recommends a maximum hourly average total VOC level
of 500 µg m−3, where each compound should not
contribute more than 50% of the total (NHMRC, 2002).
In a study investigating VOC emissions from office
furniture, a range of major VOCs emitted over time was
found to be in excess of the NHMRC recommendation.
Formaldehyde was found to be emitted in high
concentrations from furnishings using reconstituted
wood-based panels e.g., particleboards, medium-density
fibreboard (NHMRC, 2002). Table 1 details the results
for major VOCs emitted by new office furniture.
Indoor levels of VOC can be regulated by selecting
low-emission materials for furnishing, cleaning and
construction. This approach is impractical as many of
the materials emitting VOCs are considered standard
fixtures and attempting to replace them could prove
costly. Furthermore, proper ventilation with outdoor air
can help in managing air pollutants indoors by means of
dilution. However with the increasing number of highrise buildings developing in major cities, the problem of
VOC pollution becomes both an indoors and outdoors
issue that requires a permanent solution (Guo et al.,
2004; Alvarez-Hornos et al., 2008).
Various traditional VOCs removal and elimination
technologies exist. In the present study we summarize
the available methods for VOCs removal; try to find a
promissing technique.
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1.1. Common VOCs Removal Methods
There are physical, chemical and biological
treatments available to remove VOCs from air by either
recovery or destruction. The contaminated liquid can be
aerated either via packed tower aeration or mechanical
surface aeration with VOC emissions captured and
treated. Traditional primary removal solutions for VOCcontaminated liquids are liquid-phase activated carbon
adsorption or air stripping. For soil VOC contamination
remediation, Soil Vapour Extraction (SVE) is used (EPA,
1991; Tchobanoglous and Kreith, 2002). These methods
allow for the extraction of VOCs into another phase.
In liquid-phase activated carbon adsorption, the
treated liquid is put in physical contact with activated
carbon to allow dissolved organic contamination to bind
to it. The activated carbon can be either regenerated or
removed after treatment (DOE, 1994). Reactors
commonly used for this process are the fixed bed and the
pulsed/moving bed. When dealing with halogenated
VOCs and pesticides, this carbon method has limited
effectiveness. Economical and logistical issues would
arise from disposing or decontaminating the spent
carbon, hence carbon adsorption is applied more
effectively for “polishing” post-treated liquid discharges
with low VOC concentrations (EPA, 1990; 1993; 1995).
Similarly VOCs in air emission can be treated with
activated carbon by pumping it through activated carbon
packed bed reactors. However, problems with spent
carbon are the same as the liquid-phase carbon method.
Common permanent solutions to treat extracted VOC
emissions would be through oxidation by thermal,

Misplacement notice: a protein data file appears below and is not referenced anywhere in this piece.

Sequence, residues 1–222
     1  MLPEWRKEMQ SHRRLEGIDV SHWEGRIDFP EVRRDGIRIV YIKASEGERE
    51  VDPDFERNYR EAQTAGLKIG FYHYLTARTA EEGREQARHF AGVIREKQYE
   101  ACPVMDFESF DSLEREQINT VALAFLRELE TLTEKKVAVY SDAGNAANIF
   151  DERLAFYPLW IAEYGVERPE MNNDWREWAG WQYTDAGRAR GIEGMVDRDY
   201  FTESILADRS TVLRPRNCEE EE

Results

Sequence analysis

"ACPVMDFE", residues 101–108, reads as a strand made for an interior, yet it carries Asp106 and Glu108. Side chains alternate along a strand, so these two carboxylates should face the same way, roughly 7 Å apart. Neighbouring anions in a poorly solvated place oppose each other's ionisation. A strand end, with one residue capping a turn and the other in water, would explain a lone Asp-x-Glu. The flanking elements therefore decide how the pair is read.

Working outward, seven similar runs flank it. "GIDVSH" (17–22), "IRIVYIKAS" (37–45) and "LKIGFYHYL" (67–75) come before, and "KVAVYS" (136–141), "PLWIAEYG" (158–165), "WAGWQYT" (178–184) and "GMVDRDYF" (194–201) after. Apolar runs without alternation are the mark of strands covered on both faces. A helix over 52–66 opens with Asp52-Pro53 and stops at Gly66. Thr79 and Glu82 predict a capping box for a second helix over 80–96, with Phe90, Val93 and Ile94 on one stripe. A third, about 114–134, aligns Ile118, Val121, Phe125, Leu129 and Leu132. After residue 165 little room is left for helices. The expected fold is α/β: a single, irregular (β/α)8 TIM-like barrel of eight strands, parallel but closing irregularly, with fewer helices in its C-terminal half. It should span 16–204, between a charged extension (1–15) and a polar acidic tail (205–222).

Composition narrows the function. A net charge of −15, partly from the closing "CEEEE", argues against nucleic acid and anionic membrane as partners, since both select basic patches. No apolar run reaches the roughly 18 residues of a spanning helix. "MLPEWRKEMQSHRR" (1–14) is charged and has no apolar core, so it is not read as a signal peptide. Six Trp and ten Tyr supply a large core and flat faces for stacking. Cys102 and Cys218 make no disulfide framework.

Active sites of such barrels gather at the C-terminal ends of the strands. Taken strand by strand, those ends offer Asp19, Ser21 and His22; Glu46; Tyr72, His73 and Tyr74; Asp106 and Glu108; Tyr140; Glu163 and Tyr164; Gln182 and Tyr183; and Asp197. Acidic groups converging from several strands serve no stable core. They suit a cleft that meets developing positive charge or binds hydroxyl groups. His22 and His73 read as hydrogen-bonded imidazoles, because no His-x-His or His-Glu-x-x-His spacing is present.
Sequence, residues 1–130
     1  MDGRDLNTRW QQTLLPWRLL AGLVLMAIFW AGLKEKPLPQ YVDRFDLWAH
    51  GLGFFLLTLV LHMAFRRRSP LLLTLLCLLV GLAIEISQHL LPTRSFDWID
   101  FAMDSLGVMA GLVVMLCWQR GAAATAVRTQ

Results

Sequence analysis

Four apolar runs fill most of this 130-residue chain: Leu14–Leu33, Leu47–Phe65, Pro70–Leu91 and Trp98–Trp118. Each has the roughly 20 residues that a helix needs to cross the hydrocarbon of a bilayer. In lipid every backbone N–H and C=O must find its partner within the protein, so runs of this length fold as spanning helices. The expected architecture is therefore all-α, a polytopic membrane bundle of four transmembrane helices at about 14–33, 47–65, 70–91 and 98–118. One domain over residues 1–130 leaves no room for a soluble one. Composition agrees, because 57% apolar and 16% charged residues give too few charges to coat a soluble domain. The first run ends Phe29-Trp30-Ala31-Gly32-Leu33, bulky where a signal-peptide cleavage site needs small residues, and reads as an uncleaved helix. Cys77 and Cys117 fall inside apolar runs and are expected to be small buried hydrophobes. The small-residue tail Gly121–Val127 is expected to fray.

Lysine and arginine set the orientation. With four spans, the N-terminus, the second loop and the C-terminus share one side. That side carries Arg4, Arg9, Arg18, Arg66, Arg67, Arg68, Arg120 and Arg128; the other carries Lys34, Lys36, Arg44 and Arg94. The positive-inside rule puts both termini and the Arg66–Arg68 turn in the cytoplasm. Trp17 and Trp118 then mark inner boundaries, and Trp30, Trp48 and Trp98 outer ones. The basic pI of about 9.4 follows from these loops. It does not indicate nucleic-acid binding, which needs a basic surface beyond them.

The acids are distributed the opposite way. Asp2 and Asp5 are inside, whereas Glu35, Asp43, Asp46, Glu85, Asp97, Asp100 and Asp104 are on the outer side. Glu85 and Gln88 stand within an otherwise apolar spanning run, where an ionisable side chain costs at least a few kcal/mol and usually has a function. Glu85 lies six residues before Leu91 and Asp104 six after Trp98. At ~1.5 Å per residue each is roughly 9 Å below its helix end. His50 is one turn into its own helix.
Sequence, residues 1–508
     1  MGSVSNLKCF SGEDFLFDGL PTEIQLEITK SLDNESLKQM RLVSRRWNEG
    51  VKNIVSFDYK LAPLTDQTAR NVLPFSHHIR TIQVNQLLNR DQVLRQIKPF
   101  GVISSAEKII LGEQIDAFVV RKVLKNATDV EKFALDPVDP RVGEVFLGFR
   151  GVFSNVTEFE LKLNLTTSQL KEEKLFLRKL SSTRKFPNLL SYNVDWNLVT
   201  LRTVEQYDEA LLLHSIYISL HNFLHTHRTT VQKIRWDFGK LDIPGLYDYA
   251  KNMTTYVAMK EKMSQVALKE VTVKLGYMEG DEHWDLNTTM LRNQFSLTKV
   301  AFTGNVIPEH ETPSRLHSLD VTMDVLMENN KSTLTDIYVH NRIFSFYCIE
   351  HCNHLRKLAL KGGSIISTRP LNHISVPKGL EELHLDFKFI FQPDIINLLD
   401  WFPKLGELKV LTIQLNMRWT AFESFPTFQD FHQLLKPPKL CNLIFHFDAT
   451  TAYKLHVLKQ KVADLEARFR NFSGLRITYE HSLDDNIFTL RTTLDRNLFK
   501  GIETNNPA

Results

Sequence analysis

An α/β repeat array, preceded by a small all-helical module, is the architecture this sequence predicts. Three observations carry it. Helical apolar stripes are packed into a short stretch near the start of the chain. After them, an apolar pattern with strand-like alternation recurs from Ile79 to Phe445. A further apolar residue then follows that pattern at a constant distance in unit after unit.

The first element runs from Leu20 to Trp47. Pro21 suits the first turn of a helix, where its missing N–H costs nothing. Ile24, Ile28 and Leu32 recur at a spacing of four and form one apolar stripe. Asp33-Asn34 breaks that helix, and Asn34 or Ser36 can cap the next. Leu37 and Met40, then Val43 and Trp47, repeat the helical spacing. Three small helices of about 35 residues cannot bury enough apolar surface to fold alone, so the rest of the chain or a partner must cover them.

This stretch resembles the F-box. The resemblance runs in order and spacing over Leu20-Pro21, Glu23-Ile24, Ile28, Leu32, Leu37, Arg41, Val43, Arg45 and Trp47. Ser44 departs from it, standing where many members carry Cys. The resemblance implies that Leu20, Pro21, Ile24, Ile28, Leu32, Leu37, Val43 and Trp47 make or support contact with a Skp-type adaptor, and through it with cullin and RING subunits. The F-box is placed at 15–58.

internal combustion engine, catalytic or UV. Essentially
VOCs are broken down into less harmful compounds
such as carbon dioxide, water and hydrochloric gas.
Thermal oxidation units are generally single
chambers with ceramic blanket refractory lining the
oxidisers, equipped with a propane or natural gas burner
and a stack. In the chamber, burner capacities range
between 0.4 to 2 (mil BTUs)/hr with operating
temperatures from 760 to 870°C and a maximum gas
residence time of 1 sec. The internal combustion engine
works in the same way; however, it is adapted to high
VOC concentrations to allow the organic compounds to
be used as fuel. Auxiliary fuel is only added to enhance
oxidation. To reduce the need for auxiliary fuel, air to
air heat exchangers can be used to transfer heat from the
exhaust gases to the incoming feed.
In treating
halogenated VOCs, the exhaust stream would require a
gas scrubber to control the acid vapour (Benitez, 1993).
Oxidation is deemed inefficient for low VOCs
concentrations in the range of between 0.1 to 10g Mm−3
as continuous oxidation is difficult to maintain unless
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Fig. 1. General ozone isopleth used in EPA’s, Empirical Kinetic Modelling Approach (EKMA) modelled against ratios found in
cities (Dodge, 1977)
Fig. 2. Schematic diagram of a biofilteration unit (Delhomenie and Heitz, 2005)
Catalytic oxidation involves the addition of a
catalyst to a thermal oxidiser to accelerate oxidation
via the adsorption and reaction of oxygen and organic
compounds on the catalyst surface. This lowers the
reaction temperature to a range between 320 to 540°C
compared to that required in a conventional thermal
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oxidiser. The direct pre-heating of feed to the
reaction temperature is required to initiate catalytic
oxidation when passed through a solid catalyst bed.
Catalysts may contain various metal oxides such as
chromium oxide or nickel oxide and may even contain
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Table 1. Formaldehyde and VOC concentrations and emission factors from new office furniture (Brown, 1999)
Concentration (µg/m3)
Emission Factor (µg/m2.h)
24 h
24 h
Freon 22
Methyl isobutyl ketone
m- and p-Xylene
Total VOC
organisms matched to the type of VOC to be destroyed.